A SPECIAL TRUSTEE TAKES ON COMPTON COLLEGE’S SAME OLD PROBLEMBy The Compton Bulletin
Hudley-Hayes arrives as a former president of the Los Angeles Unified School District Board of Education and the used-to-be executive director of the Southern Christian Leadership Conference and Martin Luther King Legacy Association. She’s got chops.
In fact, after wearing titles of such vast responsibility and high profile, there’s a sense that whatever challenges Hudley-Hayes may face as special trustee to the Compton College District ought to be … well … you see … they’re going to be hard. Really, very hard.
The special trustee position was created in 2005 after the revocation of Compton College’s accreditation—pretty much the thing that makes it a college—by the Accrediting Committee for Community and Junior Colleges (ACCJC).
But that crisis had been brewing for years and things had actually first boiled over in 2004, when the Compton College Board of Trustees informed Chancellor Marshall Drummond that it would not be able to meet payroll. Drummond simply took over the college himself, justifying the dramatic action by issuing an executive order that cited longtime fiscal mismanagement and weak leadership at the administrative level.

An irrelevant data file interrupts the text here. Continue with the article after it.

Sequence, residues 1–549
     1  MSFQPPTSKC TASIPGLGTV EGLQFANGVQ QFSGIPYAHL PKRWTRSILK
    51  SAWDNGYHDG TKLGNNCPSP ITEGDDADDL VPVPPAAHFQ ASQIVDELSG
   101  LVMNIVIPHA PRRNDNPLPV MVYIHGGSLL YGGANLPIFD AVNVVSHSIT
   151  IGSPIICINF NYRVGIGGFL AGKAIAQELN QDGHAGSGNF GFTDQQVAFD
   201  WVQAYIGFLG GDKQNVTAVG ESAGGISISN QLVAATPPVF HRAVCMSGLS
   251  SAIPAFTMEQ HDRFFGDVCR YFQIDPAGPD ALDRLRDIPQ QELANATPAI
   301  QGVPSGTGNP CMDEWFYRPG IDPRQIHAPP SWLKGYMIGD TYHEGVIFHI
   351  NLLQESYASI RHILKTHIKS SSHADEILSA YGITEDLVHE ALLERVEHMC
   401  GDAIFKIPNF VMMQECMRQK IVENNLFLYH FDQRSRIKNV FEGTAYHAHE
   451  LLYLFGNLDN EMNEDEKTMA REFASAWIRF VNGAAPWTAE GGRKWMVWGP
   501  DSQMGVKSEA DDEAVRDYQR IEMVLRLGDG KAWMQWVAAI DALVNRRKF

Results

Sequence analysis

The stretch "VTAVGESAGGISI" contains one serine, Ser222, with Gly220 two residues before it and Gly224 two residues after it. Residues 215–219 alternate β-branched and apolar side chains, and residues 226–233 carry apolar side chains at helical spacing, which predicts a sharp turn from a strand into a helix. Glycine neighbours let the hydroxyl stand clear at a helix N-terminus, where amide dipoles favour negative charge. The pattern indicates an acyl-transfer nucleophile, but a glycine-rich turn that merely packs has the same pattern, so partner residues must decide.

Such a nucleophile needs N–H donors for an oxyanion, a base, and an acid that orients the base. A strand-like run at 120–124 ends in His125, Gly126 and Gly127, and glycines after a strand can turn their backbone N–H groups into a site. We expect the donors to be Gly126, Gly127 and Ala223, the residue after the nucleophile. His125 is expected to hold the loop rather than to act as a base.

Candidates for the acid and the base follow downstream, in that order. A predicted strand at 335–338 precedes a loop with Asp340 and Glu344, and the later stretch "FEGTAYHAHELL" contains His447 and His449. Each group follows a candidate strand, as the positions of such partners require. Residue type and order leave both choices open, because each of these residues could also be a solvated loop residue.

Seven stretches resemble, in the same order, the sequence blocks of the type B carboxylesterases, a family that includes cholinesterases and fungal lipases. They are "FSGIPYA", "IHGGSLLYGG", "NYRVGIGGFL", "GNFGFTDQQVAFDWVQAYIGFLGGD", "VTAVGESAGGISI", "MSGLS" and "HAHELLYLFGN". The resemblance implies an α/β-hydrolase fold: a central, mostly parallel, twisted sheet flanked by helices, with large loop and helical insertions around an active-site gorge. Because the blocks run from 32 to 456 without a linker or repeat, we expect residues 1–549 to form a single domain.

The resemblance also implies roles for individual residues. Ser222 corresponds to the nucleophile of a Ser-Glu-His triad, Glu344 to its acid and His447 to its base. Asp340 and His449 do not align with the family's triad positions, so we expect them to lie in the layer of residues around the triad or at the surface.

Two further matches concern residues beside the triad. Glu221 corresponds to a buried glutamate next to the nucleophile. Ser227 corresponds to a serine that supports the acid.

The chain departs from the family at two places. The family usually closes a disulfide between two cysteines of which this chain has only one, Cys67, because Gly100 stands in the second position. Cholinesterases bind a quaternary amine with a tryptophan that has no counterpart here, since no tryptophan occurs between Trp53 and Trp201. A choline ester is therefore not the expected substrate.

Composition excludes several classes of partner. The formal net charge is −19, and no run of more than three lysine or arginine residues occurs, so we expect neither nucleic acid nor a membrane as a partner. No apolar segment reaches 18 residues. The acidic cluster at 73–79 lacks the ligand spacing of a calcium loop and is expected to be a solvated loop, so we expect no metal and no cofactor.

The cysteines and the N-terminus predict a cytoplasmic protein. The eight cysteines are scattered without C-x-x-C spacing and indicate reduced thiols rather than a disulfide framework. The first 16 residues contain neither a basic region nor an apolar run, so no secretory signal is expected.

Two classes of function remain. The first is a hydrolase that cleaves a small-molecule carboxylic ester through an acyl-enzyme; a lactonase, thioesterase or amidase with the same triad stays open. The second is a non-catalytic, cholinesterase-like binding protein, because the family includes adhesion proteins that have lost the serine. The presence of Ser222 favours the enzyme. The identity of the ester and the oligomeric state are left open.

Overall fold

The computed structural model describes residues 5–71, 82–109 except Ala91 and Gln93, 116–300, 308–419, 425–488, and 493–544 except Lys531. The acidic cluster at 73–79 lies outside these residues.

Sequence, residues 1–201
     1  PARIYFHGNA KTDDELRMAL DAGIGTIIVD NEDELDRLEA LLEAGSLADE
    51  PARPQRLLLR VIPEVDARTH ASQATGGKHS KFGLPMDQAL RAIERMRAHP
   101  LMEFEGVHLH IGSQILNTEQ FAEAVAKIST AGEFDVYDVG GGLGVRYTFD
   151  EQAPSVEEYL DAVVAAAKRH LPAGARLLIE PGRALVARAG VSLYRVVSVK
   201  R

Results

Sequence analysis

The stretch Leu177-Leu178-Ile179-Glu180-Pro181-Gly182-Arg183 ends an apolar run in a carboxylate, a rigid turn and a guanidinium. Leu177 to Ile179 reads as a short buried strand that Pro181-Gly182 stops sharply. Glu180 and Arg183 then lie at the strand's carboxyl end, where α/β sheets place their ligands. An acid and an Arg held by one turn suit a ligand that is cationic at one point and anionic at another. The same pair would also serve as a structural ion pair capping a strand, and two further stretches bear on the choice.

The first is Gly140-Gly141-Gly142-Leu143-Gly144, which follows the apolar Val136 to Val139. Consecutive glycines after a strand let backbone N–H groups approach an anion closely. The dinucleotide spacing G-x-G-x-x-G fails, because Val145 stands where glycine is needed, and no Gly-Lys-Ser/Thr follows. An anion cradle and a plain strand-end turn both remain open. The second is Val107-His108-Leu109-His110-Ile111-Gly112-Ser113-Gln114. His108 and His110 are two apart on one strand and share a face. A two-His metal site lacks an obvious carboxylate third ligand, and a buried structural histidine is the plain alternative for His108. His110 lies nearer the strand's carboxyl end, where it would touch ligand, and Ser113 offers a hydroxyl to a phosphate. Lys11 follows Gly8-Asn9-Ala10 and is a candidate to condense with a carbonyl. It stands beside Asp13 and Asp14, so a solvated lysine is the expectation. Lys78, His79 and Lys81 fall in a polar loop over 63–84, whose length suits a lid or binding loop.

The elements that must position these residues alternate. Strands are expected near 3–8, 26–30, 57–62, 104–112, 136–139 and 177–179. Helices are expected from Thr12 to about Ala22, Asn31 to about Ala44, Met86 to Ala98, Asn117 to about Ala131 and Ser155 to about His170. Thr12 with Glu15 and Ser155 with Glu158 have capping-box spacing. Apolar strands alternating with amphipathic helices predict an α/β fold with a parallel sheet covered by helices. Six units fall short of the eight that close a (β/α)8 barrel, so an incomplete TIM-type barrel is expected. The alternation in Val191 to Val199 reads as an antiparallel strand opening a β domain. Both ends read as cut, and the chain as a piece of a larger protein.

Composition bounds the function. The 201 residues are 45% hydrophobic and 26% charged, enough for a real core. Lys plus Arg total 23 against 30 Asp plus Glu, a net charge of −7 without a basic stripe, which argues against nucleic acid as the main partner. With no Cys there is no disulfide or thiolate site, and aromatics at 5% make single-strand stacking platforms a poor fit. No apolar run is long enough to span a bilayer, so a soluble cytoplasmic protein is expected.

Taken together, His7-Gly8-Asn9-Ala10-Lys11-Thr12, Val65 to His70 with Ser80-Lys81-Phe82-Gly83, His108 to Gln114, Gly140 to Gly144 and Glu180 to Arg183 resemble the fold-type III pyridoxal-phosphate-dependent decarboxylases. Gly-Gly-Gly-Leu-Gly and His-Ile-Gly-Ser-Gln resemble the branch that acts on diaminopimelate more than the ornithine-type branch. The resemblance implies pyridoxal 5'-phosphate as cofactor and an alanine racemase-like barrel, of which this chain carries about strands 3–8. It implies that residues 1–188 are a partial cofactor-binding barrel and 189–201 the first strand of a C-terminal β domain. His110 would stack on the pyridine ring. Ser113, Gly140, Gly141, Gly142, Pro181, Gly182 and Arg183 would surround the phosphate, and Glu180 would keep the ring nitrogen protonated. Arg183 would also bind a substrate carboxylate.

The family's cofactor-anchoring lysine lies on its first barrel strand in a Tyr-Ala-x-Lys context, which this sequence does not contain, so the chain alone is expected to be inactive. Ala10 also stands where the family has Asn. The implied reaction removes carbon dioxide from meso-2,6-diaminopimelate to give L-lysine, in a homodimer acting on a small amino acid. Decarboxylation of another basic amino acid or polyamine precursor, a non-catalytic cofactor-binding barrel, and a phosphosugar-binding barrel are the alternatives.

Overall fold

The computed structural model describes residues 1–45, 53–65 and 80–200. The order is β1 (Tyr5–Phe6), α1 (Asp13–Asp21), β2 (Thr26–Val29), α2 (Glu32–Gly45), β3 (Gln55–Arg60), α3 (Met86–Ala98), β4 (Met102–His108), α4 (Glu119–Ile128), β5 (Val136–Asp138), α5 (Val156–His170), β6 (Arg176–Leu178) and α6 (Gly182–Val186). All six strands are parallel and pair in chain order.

The ACCJC was also obliged to explain why it had revoked Compton College’s accreditation, and the evidence in that report was even more damning, not to mention overwhelming. The committee cited a total of 30 deficiencies.
Perhaps most humiliating, Compton College could only remain open by becoming part of El Camino Community College. That arrangement was voted into California law by a bill created in the state Assembly.
From that time until Thomas Henry was appointed the first special trustee, teams of special trustees have been sent to oversee the day-to-day operations of the college and to find solutions to the cited deficiencies so that Compton College can someday regain its accreditation. It’s a painstakingly slow process that even optimists estimate will take another five years.
Hudley-Hayes sounds like one of those optimists.
“I am enthusiastic about serving in this capacity and will work to help the Compton Center to again become an accredited college within the California Community Colleges,” she said.
But listen closer to what Hudley-Hayes is saying and it becomes obvious that her Pollyanna is actually professional experience—over the years, she says that she has been involved in five accreditations.
“They are all the same,” she said. “No matter what the community demographic is, no matter how new or how old the college is, the accreditation process takes several years. There’s no changing that.”